Killer Instinct

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If I screw up a mission in a game, I am usually the type to keep rolling with the punches provided my screw-up didn’t result in my instant death. I made the mistake and I can live with it. The lone exception to that rule has always been the Hitman series. Even if I am near the end of a contract, if a piece of the mission isn’t executed with the preciseness of a professional killer, I will restart the mission. It’s one of the few games where I absolutely lose myself in the world and character.

After watching the demo for Hitman Absolution, I began to realize just how detached Agent 47 was from his environment. Thinking back, I can remember large, open environments offering lots of paths towards a successful kill, though now it seems like 47 was just a random blip in those worlds and not a part of them.

One of the core elements at play in Hitman Absolution is the idea of seeing the world through Agent 47’s eyes. Dubbed “Instinct,” the mode shows you everything in the world the way Agent 47 would. You’ll see flaming trails indicating where he thinks enemies will move, routes to an exit, and ways to hide in plain sight. As small as the feature seems, it adds an entirely new layer of strategic depth. It is not just about finding a target, but how you approach every situation involved in the hunt.

I got a first-hand look at Instinct in action during a short mission. The setup involved Agent 47 taking a job that ends badly. He’s been betrayed and is now on the run in Chicago. The cops are after Agent 47 and have tracked him down to an abandoned library. Agent 47 sits perched on a column with a police sergeant barks orders to scour the place.

Almost immediately, I got a sense of the organic feel missing from previous games. It wasn’t the stiff objective-to-objective gameplay that I remember from the last game. Instead, Agent 47 is an integral part of his environment. After dropping from his perch, Instinct mode is activated. The already drab library darkens as the officers and their patrol paths light up.

With Instinct activated, Agent 47 stalks a patrolman who has broken off from the main group. Watching the cops work through the area offers a great example of the game’s new comprehensive A.I. system. Characters are more aware of their environments and will react to changes in the environment. This includes a new awareness system. In past games, stealth was binary. You were either seen or not seen. Now, if you get someone’s attention, you have a chance to get out of sight before you’re caught. Once again, the changes like this help illustrate the mechanical nature of past games.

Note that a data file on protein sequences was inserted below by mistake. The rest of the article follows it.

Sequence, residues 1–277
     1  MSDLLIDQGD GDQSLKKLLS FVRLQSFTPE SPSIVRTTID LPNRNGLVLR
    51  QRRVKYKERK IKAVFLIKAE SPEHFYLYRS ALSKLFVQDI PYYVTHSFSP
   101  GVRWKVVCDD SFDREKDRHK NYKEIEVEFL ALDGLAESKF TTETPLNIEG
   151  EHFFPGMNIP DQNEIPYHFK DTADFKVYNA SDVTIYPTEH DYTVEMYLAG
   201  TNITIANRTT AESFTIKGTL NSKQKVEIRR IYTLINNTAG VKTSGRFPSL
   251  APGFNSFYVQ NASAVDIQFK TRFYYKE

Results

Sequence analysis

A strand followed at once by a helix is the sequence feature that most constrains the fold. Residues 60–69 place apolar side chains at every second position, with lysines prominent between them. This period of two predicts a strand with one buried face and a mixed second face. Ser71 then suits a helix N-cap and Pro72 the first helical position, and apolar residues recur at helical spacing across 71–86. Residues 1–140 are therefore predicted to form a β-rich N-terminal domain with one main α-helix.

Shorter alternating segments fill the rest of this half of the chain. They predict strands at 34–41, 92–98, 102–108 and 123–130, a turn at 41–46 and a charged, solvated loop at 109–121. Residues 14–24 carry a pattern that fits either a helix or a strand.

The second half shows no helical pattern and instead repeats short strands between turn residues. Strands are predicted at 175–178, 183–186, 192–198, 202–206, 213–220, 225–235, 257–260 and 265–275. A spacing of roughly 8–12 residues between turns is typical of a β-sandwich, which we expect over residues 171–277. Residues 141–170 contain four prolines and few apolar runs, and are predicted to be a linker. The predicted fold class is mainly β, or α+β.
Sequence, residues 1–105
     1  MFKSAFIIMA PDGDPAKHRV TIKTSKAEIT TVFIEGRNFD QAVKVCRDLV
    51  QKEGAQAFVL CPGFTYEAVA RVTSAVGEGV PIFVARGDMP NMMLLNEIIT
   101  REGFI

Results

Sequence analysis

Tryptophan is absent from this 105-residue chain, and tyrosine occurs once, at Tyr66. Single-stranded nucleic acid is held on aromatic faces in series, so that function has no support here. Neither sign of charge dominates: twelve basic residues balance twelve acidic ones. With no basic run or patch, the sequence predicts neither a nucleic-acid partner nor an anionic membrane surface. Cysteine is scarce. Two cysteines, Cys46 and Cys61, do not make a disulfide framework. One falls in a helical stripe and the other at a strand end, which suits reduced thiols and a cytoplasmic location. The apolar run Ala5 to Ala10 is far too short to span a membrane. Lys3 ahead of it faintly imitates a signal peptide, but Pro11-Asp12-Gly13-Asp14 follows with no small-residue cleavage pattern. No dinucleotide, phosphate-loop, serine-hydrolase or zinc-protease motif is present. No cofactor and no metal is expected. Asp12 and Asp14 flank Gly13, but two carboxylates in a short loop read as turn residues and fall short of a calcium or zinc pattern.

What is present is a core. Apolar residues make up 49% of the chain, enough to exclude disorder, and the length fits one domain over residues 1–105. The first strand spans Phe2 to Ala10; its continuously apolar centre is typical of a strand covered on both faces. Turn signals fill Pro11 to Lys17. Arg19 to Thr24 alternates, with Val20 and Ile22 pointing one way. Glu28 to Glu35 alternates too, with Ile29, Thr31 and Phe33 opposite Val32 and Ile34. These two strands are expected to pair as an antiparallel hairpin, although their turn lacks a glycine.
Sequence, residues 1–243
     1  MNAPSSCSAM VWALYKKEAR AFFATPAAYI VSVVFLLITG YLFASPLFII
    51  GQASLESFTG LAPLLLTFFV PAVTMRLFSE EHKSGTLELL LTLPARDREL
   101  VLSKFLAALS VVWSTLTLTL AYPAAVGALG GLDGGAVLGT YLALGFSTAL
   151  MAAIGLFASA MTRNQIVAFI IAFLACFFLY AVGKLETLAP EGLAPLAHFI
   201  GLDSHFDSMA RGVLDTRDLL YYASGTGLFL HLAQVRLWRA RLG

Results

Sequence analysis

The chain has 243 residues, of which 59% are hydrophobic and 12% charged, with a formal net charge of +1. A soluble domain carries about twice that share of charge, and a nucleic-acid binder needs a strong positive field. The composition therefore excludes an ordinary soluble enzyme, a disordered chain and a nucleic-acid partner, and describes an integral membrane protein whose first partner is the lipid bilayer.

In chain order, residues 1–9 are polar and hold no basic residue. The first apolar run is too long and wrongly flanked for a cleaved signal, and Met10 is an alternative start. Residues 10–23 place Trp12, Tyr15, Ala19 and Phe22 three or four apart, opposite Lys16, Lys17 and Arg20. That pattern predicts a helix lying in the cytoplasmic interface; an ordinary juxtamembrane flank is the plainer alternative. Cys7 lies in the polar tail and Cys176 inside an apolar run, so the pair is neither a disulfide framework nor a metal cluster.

As the cops search the area, the sergeant tells one cop to search for the fuse box. There’s constant banter between the cops and it pays to listen to every detail. They’ll offer clues on how you should proceed through the level and even tip off where they’re headed. Using Instinct Mode as a guide, Agent 47 makes his way to the fuse box – which is now highlighted – and takes out the cops who had just finished repairs. You’re now left with a choice; you can leave the fuse box alone, trading in some of you darker hiding spots for lower awareness, or destroy the box, keep the dark on your side, but tip the police off that something isn’t quite right. The two options are another massive improvement to the series. Choice has always been an option, only now those choices are more natural and varied.

The demo continues with 47 taking out cops with various degrees of efficiency. He chokes out one, knocks the other in the head with a bust and breaks another’s neck. One cop drops a gun, offering the option to turn the stealthy escape into a shootout. It is a viable option and if you want to go that route, you can. The idea isn’t to saddle players with a certain linear path, but offer them the opportunity to tell their own story through the mission.

Eventually Agent 47 uses the gun to bargain his way out of the library. He grabs a cop and uses him as a human shield. Once outside, he knocks the hostage out and makes a run for the top of the building. Along the way, he has to cross a few narrow beams and, using Instinct mode a guide, shoots out a chandelier, sending it crashing on the police in pursuit below.

Once he reaches the rooftop, gameplay takes a dramatic shift. It is no longer about stealth, but about finding cover as a helicopter sprays the upper floors with bullets. This goes on until Agent 47 makes a giant leap into the next building. He then kills the lone police officer on guard and takes his uniform. It is an idea that has always been a part of the series, though now you have to learn to think like the person you’re disguised as.

Similar to stealth, uniforms were a black and white element. People either bought the disguise or they didn’t. Now you can keep the charade up for much longer. The first time you slip up, someone will take notice. If you keep slipping up, everyone will know. But, if you can maintain the persona for the rest of the mission, you can erase your original mistake.

One great example of the mechanic in action involves Agent 47 walking through a lobby crowded with police officers. As he passes groups of cops, he has to use Instinct mode to hide his face. He eventually comes to a table with both an assault rifle and box of donuts sitting on it. You can grab the gun and open fire on the crowd or grab the donut and make your way out of the lobby.

It’s not over though. Before exiting to the street, a cop notices Agent 47 and recognizes him as Foster. Confused, the cop questions 47, mentioning he thought Foster had left years ago.

Agent 47 coolly replies, “I never left,” and walks into the streets.

Hitman Absolution comes out next year for PlayStation 3, Xbox 360 and PC.